There was nothing left for her. No 1,000,000 dollars and no faith between her husband. Only one thing was left. The truth that I am still a good person, with her tears. The truth that nobody takes real, even the device ignored. However, I don’t know but her answer sounded true to me. And I even added arbitrary excuses to her short answers that she had to give automatically to every question.
“Yes. I did it. I remembered my ex on my wedding day. Not that there were some unresolved feelings, not that I did like my husband, but I thought that one my most beautiful day I could invite anyone even in my mind for a moment.”
“Yes. It was too rainy and lonely night. I don’t know why it was that night and that place. I did sleep with him/her?? It wasn’t that good but was not bad at all. I knew it was not right but I needed to be happy.”
To her who kept saying, “yes, I have,” reminding days after days and eliminating every narrative related to the things, the question was not just moment of truth, but it was a moment of everything.
The existence so-called “I”. How many excuses are necessary to justify that existence? How many proves are needed to define oneself as a bad person or a good person? It is unbearably easy to judge others by the norms set by the current era and its values. Just a few questions -nothing more, nothing less. But for me, I mean, judging myself on my own. Should I exist, or be extinct? Should I condemn myself or forgive myself? That insignificant judgment should be made in more secretive and private ways. It is my own defense for my own trial.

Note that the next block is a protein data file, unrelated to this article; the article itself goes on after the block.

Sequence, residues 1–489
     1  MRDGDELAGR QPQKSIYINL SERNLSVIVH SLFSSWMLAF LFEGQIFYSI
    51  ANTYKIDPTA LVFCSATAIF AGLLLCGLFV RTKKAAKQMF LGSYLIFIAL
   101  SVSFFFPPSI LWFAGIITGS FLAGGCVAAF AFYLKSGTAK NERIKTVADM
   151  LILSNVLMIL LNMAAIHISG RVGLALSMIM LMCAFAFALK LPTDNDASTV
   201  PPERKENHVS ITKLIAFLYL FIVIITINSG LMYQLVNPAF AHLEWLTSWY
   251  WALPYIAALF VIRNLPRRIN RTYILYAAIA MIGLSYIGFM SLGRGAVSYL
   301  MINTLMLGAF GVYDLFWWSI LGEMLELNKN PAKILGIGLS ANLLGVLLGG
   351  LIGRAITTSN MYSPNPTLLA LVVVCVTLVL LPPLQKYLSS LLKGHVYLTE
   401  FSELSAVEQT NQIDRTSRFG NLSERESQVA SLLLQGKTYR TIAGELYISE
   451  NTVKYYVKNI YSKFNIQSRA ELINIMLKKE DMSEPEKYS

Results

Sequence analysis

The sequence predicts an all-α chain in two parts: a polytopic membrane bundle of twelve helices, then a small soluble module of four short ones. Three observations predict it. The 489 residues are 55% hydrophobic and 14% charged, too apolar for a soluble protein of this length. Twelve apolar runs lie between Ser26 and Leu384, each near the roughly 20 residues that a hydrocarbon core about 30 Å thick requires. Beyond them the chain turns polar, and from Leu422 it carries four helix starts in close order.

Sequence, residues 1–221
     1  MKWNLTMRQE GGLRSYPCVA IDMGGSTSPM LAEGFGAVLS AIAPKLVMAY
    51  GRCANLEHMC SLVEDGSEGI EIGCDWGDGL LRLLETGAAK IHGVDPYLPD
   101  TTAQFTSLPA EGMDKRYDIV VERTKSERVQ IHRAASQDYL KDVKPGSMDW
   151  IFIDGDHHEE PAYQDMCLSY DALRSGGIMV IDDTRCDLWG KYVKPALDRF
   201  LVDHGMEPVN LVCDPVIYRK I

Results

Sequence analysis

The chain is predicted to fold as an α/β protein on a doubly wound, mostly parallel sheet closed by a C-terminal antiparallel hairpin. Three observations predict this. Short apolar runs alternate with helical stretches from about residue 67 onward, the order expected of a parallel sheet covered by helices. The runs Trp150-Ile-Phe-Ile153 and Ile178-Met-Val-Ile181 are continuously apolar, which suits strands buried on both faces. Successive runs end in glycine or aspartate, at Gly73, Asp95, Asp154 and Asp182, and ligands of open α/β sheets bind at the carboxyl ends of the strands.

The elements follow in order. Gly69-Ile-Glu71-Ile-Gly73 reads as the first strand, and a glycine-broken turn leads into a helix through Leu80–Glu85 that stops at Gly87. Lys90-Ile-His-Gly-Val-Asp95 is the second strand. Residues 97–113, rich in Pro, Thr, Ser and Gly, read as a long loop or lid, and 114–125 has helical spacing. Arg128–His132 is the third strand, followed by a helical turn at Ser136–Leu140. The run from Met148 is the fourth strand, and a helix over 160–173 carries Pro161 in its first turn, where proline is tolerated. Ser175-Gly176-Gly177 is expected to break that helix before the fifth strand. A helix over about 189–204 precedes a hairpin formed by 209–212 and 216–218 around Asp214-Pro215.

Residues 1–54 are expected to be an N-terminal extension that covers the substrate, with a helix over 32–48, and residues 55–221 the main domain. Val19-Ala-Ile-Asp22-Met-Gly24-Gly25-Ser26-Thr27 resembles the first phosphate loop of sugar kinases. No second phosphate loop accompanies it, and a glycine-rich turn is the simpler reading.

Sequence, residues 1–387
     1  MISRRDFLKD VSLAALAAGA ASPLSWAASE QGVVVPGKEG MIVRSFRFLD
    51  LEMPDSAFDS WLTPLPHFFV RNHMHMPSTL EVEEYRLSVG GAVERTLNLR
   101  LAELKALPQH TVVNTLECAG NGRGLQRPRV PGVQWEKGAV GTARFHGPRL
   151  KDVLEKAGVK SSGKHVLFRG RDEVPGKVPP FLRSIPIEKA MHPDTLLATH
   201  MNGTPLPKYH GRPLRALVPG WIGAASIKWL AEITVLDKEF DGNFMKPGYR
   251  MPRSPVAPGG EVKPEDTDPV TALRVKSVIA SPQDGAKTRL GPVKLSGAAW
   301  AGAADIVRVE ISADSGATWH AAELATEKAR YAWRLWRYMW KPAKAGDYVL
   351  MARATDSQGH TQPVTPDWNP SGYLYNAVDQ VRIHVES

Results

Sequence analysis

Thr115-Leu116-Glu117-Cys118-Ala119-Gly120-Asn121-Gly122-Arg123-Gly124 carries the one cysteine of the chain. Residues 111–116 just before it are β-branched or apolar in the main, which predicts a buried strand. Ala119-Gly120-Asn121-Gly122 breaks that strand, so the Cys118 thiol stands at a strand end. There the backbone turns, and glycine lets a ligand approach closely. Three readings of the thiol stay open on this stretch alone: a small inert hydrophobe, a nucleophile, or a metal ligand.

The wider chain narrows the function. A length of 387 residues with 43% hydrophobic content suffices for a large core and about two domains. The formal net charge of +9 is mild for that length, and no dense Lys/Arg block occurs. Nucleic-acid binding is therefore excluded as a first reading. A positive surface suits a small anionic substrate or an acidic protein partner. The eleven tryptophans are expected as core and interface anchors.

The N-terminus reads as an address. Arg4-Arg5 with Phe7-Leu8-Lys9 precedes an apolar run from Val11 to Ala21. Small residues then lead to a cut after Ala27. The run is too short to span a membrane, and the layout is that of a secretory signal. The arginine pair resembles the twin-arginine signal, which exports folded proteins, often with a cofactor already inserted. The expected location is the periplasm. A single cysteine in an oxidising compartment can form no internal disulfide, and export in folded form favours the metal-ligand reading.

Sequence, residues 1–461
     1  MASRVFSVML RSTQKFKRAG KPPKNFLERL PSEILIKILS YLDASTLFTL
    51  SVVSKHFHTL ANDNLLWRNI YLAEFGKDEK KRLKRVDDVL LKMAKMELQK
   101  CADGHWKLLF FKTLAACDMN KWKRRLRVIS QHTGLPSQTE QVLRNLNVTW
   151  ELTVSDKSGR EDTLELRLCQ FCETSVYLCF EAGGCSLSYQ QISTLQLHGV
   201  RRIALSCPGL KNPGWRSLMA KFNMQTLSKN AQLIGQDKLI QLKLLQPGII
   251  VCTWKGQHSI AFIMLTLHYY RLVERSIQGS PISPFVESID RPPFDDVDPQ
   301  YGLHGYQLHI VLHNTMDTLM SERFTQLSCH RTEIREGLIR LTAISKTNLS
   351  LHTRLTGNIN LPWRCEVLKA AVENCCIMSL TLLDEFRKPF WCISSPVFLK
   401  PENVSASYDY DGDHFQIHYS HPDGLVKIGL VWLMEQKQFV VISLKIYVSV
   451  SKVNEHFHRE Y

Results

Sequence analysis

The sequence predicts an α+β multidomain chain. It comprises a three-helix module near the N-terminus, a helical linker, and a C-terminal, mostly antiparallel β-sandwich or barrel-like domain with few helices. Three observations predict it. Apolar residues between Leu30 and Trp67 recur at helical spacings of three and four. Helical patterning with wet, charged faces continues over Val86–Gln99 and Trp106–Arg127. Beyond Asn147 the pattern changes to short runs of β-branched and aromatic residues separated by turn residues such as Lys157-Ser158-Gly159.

Even an unmarried actress loving a married director, even someone who betrayed friends for success, even me, and you have to come up with hundreds, thousands of excuses for that truth that I am a good person.
No matter what, we are constantly being judged. A bad wife, a good husband, a competent boss, an immoral actress, a talented director, a cold-hearted judge. A good person to someone, a bad person to others. A good person one day, and a bad one on another day. However, for the sake of myself torn apart, the belief that I hope to keep to myself however selfish or pitiful it may be. I would be the one and only believer of my truth and myself.
Yes. I believe I am a good person